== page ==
For the week, December wheat gained 65 cents, while the nearby corn contract moved more than 3 cents lower.
Ending stocks of beans were projected to be larger than previous estimates. Nevertheless, speculative buying supported prices. For the week, the November contract gained more than 12 cents, while soybean meal was up $3.60 per ton.
In the softs, the December cotton contract posted a loss of $1.23.
In livestock, the October cattle contract gained 25 cents. Nearby feeders were up 10 cents. And the October lean hog contract declined $2.45.
In other markets of interest, the Euro gained 191 basis points against the dollar. Nearby crude oil prices gained 4 cents per barrel. Comex gold gained $8.40 per ounce. And the CRB Index gained less than one point to close at 334.25.
Martin: Thank you, Mark.
Pearson: Wow, what a month it's been for this wheat market. I mean, every week we think we're at a new top, we've put a new top on the nearby wheat. I look at some of those deferred contracts and they're pretty strong too.
Martin: Well, the July contract today did hit $7.02 in the KC and we do have a price target of around $7.67 on the KC and $7.47 I think it is on the Chicago. I think that it's possible we see a seven in front of the new crop wheat. But all in all the market is demanding acres and that's part of this push along with demand by world buyers who held off probably because of high freight prices out of August. I think that now they're stepping up to the plate and they just keep coming to the table and buying. But here the market is trying to say we really need the acres, they know there's two and a half plus million acres coming out of CRP, they'll probably draw those acres and in the meantime they're saying we want to make sure that they actually are planted so I think you're seeing a wheat market that will probably see higher highs again in October. The price counts on December wheat, Chicago wheat is $10.18. That is a fourth wave count up, it's a major, major stumbling block if we get there. Do we get there? I don't know, we don't have to. We crossed the $9.50 mark today and so I think that when I look at the wheat market I think that we have to realize we will have huge, huge production this next coming growing season and unless Mother Nature is not kind but you're also looking at the world's second largest exporter, Australia and they're not catching the rains like they need and there is major concerns if we go another week or two without rain there is another major exporter going down the drain, that's going to probably be if they're lucky around 15 million metric tons exportable, or production I should say.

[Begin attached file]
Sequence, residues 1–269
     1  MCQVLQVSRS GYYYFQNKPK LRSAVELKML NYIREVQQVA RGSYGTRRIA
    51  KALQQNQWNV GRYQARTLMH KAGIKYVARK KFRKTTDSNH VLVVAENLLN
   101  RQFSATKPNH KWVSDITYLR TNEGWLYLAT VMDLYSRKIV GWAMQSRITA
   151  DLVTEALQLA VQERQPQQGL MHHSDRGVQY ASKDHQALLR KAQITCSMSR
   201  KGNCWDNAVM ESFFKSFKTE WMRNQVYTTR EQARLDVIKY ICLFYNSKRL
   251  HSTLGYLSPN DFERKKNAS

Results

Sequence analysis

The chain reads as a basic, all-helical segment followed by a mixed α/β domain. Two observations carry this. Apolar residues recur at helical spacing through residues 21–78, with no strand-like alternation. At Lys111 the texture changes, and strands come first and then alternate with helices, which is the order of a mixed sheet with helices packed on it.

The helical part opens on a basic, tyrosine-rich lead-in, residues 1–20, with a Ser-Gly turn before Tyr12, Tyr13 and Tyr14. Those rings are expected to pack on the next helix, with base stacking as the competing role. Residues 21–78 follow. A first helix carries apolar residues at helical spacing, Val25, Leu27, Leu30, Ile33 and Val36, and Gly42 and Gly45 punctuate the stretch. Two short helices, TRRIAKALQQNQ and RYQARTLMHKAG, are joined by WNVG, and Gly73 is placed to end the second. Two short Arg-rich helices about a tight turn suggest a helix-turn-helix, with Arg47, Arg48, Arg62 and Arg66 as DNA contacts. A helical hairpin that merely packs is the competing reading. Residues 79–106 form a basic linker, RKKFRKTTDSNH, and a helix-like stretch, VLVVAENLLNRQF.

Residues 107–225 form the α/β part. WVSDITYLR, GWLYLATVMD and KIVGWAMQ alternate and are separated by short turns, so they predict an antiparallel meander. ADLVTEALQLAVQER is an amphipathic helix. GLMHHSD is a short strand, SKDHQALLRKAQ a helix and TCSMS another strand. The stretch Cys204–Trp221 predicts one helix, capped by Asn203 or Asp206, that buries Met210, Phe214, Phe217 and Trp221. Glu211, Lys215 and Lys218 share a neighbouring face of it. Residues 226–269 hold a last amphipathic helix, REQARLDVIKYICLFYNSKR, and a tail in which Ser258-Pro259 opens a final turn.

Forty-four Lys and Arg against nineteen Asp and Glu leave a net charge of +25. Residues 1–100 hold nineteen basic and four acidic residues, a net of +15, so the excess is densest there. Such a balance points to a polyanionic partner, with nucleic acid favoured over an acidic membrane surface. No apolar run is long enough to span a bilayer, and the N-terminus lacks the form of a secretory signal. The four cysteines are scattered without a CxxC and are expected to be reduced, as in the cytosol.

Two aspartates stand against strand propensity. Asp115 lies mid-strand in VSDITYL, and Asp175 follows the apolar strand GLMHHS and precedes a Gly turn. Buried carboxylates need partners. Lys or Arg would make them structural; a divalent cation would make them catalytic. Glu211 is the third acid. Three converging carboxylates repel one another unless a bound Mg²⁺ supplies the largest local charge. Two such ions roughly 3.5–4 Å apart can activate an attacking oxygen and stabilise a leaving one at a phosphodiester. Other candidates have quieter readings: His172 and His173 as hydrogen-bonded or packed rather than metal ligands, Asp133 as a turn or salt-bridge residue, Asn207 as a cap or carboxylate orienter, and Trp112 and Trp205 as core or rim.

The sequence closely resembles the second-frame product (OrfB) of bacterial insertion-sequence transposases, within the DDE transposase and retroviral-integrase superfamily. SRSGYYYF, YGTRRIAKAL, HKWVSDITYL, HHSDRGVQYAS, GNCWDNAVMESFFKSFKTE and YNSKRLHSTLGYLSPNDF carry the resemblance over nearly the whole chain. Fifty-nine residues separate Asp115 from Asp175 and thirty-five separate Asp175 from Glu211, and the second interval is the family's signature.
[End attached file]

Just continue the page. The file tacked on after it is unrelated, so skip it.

Pearson: And, of course, that's kind of a repeat of last year's Australia crop too that kind of acted as a catalyst for the rest of the market.
Martin: Actually Australia has been three years in a drought but I will say this, I think things could be on the table for turning but yet if you look at South America you've got drought in Argentina and northern Argentina and also parts of Paraguay and those are also areas where they want to plant sun seeds and, of course, the wheat production so not all it totally well yet. But I think we're going to see a tremendous acreage increase this year and the U.S. certainly has good moisture to sustain that.
Pearson: I would think a producer of wheat would be looking at those July contracts, Kansas City and Chicago, and want to make a position.